But not one developed country bought into it. Not one white country was prepared to send their troops, even with that mandate. Ultimately, the first to arrive were the Ethiopians, then followed by Canada, Australia, the U.K., and the Americans. But the Ethiopians hit the ground nearly two months later in July, when the war and slaughter had been over for nearly a month.

Although the great nations finally articulated the need and called it a genocide, as we seem to be doing today, no one provided the capability. That's why I say, "Yes, the UN has warts, and yes, it has complications, and yes, the panels that were just brought in to articulate reforms are essential. But no, it does not need the hypocrisy of the world powers using it as either a scapegoat or a camouflage for inaction."

The Darfur scenario is a genocide, and yet the UN report says nearly everything except genocide. It is perverse that we are seeing the same type of mandate coming out of the Security Council, which is to observe and report. The African Union is being set up, after ten years of our telling them, "Hey, it's an African problem; why don't you sort it out?" They are now goaded to sort it out, and they have a mandate that spells failure—because "observe and report" means what? To whom? Will anybody take action on it? Their presence will be helpful, but it doesn't guarantee the return of the displaced and the ability to solve the difficult problems between landowners and the more pastoral group.

In this timeframe, where the Security Council doesn't seem to be able to articulate the right mandate to protect—not intervene, but to protect—the Darfurians, we are hedging our bets and we are being manipulated by a very savvy government in Khartoum, using the same old methodologies of diplomatic tools and sanctions that didn't work then, that still don't work. We need a whole new generation, a whole new lexicon, to be able to solve the complex problems of today and gain the initiative from some very competent governments who are going well beyond the norms of humanity.

We are fearful of a veto by a country or two to go with an intervention and respond to Kofi Annan's request. There is a solution:

(1) call the bluff of those who want to veto against intervention for a genocide, and then hold them to it afterwards.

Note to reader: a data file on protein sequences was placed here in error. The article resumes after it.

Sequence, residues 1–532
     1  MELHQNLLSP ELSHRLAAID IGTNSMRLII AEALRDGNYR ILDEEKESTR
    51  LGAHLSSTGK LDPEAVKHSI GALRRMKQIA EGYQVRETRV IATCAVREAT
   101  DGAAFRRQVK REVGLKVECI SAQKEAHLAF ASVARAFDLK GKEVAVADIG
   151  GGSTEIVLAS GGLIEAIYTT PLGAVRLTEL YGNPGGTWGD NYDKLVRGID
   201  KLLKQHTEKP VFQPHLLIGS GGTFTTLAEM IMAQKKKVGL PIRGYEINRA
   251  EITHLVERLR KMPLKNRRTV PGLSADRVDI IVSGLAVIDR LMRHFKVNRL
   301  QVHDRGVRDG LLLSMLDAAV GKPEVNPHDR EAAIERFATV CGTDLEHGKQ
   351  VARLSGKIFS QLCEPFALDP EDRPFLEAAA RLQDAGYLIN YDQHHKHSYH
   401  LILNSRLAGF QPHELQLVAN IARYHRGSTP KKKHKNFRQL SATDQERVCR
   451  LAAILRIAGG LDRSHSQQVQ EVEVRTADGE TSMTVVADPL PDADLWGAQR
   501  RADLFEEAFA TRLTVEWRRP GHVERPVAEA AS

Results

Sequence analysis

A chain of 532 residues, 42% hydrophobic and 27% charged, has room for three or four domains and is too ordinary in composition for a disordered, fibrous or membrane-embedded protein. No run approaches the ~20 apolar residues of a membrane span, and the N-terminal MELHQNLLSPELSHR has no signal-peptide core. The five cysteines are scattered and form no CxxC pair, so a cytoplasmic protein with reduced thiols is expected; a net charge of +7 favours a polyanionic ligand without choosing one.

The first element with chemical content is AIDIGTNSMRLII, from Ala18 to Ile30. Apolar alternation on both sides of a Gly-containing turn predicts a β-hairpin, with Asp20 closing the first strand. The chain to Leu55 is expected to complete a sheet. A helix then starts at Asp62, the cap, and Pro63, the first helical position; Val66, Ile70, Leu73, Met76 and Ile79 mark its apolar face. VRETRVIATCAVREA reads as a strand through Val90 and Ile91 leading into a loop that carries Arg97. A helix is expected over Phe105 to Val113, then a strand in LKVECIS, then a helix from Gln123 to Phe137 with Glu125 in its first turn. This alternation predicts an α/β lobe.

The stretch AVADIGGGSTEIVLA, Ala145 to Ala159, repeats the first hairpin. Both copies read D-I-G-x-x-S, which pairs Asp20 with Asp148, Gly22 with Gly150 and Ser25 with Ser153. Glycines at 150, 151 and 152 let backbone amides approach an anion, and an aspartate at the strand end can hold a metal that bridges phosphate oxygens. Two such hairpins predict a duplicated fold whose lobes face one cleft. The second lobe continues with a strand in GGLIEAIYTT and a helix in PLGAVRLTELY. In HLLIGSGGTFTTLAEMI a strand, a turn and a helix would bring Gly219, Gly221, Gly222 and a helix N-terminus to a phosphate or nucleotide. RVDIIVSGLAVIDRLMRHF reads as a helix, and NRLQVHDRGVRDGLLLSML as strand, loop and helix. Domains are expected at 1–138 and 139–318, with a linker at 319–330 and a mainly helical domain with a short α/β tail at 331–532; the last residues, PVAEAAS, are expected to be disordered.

(2) there is no such thing as single-nation-led coalitions outside of the UN. It is not transparent and impartial, as the UN can still be, for self-interest still dominates those powers who can do something about it.

But it is high time that the middle powers—like Canada, Germany, Italy, Japan, members of the G7, and a few others, who could move in; certainly the Australians, who are doing already a significant amount in their own region; Brazilians, and other members of Europe, who have in the past participated — step up to the plate and provide assets to the UN to give it alternatives other than getting the big boys involved.

In this sort of stagnation of the Security Council, with people dying every day and suffering, why don't those middle powers go to the African Union and offer themselves up to an AU mandate? Help the AU mature, help it articulate a mandate, and provide it with support towards being able to handle a very difficult scenario, rendered all the more so because it is not in the interest of the great powers.

JOANNE MYERS: General Dallaire, I speak on behalf of all of us here to say that we owe you a debt of gratitude for the service you have rendered, and that not only do you have our admiration for the courage you have shown, but our sympathy for what you have suffered. I would like to open the floor to questions.

Questions and Answers

QUESTION: As I look at genocide, from the politically-driven genocide in Cambodia, to racially-driven genocide in Rwanda, to clan genocide in Somalia, to religiously- and politically-driven genocide in Yugoslavia, I'm struck by its uncontrollable nature. Would you comment on the limits of military power in such a situation, given all the weaknesses and anomalies that we see in multinational forces and responsibility to their national governments as well as to the UN? How does that dichotomy work against a template of military missions laid down that troops can execute in an uncontrollable genocidal situation?